When and why would I abandon a release?

After you create a release, you can use it to redeploy the artifactsto any of the stages defined in that release.This is useful if you want to perform regular manual releases, or set up acontinuous integration stage triggerthat redeploys the artifacts using this release.

If you do not intend to reuse the release, or want to prevent it being used to redeploy the artifacts,you can abandon the release using the shortcut menu that opens from the ellipses (..) icon in thePipeline view of the pipeline.

You cannot abandon a release when a deployment is in progress, you must cancel the deployment first.

How do I send release summaries by email?

After a release is triggered and completed, you may want to email the summary to stakeholders.Use the Send Email option on the menu that opens from the ellipses (..) icon in the Pipeline view of the pipeline.

In the Send release summary mail window, you can further customize the information to be sent in the emailby selecting only certain sections of the release summary.

How do I manage the names for new releases?

C A Meaning In Dev Ops 2

The names of releases for a release pipeline are, by default, sequentially numbered.The first release is named Release-1, the next release isRelease-2, and so on. You can change this naming scheme by editing therelease name format mask. In the Options tab of a release pipeline,edit the Release name format property in the General page.

C A Meaning In Dev Ops 1

When specifying the format mask, you can use the following pre-defined variables.

Rev:rrAn auto-incremented number with at least the specified number of digits.
Date / Date:MMddyyThe current date, with the default format MMddyy. Any combinations of M/MM/MMM/MMMM, d/dd/ddd/dddd, y/yy/yyyy/yyyy, h/hh/H/HH, m/mm, s/ss are supported.
System.TeamProjectThe name of the project to which this build belongs.
Release.ReleaseIdThe ID of the release, which is unique across all releases in the project.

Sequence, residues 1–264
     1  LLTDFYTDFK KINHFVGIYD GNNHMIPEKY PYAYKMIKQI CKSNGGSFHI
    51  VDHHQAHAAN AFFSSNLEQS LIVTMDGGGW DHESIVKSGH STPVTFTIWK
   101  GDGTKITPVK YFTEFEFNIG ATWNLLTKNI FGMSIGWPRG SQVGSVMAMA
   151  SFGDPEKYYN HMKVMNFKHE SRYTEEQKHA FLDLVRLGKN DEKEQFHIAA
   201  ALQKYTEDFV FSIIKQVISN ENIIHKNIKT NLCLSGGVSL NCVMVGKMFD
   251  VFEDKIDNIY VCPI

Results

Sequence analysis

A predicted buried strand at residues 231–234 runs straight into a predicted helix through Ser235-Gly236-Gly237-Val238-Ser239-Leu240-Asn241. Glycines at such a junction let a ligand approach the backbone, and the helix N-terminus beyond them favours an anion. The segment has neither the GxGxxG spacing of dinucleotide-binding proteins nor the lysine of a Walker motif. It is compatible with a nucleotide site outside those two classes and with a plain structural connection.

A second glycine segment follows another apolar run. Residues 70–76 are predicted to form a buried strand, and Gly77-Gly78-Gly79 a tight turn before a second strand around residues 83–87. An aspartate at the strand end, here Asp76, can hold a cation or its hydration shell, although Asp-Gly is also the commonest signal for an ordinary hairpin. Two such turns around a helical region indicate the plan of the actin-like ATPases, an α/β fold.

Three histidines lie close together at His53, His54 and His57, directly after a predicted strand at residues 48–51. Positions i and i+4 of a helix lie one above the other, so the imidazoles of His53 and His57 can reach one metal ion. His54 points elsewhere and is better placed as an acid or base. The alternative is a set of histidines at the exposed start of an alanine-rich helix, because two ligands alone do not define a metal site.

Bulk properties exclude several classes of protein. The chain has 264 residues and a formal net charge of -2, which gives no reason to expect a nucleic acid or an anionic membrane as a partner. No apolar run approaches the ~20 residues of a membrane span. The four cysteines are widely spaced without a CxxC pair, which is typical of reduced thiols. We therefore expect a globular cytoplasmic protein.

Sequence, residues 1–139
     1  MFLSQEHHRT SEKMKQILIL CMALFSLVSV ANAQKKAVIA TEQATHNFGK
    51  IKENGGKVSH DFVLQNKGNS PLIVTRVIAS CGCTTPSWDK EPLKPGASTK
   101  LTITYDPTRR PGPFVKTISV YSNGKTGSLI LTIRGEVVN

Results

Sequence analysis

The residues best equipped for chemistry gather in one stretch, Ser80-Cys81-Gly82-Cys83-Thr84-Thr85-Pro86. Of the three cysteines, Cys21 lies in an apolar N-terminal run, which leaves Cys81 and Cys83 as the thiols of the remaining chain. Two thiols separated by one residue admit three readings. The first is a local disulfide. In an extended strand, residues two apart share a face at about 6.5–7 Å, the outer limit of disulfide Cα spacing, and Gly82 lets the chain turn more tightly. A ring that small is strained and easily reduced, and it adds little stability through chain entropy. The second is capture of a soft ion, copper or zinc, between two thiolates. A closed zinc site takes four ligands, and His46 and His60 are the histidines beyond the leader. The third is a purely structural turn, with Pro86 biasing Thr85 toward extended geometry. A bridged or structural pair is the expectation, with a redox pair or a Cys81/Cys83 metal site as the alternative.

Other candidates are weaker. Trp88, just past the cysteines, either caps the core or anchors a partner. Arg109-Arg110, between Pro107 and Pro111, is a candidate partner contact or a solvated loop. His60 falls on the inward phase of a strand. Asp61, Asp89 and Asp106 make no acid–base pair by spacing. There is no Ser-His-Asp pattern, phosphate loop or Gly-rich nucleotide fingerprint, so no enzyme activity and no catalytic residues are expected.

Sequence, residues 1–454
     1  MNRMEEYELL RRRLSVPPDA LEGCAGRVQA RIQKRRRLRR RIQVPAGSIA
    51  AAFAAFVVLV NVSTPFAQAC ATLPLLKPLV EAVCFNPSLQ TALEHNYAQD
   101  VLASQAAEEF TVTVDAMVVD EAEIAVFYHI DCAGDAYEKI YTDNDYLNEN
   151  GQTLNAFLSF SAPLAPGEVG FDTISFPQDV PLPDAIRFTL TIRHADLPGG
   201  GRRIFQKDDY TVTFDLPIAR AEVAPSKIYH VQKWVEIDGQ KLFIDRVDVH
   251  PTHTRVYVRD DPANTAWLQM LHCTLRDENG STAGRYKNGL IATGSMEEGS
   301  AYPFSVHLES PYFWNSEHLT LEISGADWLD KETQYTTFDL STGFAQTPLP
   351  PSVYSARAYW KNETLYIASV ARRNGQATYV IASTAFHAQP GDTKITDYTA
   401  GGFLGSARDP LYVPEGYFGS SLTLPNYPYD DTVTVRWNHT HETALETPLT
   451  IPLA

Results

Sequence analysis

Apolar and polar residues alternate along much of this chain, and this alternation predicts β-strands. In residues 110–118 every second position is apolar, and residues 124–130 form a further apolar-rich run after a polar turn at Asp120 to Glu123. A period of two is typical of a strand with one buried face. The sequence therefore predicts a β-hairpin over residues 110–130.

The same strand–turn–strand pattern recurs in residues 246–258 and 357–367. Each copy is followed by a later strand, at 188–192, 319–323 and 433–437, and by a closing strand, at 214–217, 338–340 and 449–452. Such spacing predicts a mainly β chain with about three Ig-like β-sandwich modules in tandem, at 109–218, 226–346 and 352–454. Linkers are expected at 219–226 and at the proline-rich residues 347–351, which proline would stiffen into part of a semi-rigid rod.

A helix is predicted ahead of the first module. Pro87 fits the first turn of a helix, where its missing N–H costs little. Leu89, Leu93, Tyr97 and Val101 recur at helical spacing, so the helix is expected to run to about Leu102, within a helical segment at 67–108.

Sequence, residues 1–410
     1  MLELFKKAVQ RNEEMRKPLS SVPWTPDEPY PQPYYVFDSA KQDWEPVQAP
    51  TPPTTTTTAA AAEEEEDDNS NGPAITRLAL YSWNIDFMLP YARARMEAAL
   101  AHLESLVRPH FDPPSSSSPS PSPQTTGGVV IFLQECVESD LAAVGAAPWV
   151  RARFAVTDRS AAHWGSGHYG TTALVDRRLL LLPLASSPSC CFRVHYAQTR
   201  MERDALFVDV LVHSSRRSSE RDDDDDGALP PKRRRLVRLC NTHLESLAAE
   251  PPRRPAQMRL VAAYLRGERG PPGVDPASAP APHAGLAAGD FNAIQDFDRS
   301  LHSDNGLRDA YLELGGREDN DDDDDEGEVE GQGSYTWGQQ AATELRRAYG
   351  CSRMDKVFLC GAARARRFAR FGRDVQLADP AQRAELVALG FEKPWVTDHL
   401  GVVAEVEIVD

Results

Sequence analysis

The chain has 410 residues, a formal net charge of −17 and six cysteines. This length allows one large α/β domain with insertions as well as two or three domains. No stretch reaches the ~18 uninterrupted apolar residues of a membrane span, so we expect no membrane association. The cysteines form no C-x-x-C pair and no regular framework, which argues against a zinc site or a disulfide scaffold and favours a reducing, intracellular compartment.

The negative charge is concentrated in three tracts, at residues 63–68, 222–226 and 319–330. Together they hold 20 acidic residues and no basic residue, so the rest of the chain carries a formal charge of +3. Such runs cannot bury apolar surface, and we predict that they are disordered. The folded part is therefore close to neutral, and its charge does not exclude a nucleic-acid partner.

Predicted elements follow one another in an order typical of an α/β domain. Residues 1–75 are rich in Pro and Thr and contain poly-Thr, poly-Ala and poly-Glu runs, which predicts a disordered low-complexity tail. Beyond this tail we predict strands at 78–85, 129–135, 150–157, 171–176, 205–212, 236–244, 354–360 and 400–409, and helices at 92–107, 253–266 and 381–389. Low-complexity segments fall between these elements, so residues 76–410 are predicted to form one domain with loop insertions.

Release.DefinitionNameThe name of the release pipeline to which the current release belongs.
Build.BuildNumberThe number of the build contained in the release. If a release has multiple builds, this is the number of the primary build.
Build.DefinitionNameThe pipeline name of the build contained in the release. If a release has multiple builds, this is the pipeline name of the primary build.
Artifact.ArtifactTypeThe type of the artifact source linked with the release. For example, this can be Azure Pipelines or Jenkins.
Build.SourceBranchThe branch of the primary artifact source. For Git, this is of the form master if the branch is refs/heads/master. For Team Foundation Version Control, this is of the form branch if the root server path for the workspace is $/teamproject/branch. This variable is not set for Jenkins or other artifact sources.
Custom variableThe value of a global configuration property defined in the release pipeline.

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For example, the release name format Release $(Rev:rrr) for build $(Build.BuildNumber) $(Build.DefinitionName) will create releases with names such as Release 002 for build 20170213.2 MySampleAppBuild.

How do I specify the retention period for releases?

You can customize how long releases of this pipeline must be retained. For more information, see release retention.

How do I use and manage release history?

Every time you save a release pipeline, Azure Pipelines keeps a copy of the changes. This allows you to compare the changes at a later point, especially when you are debugging a deployment failure.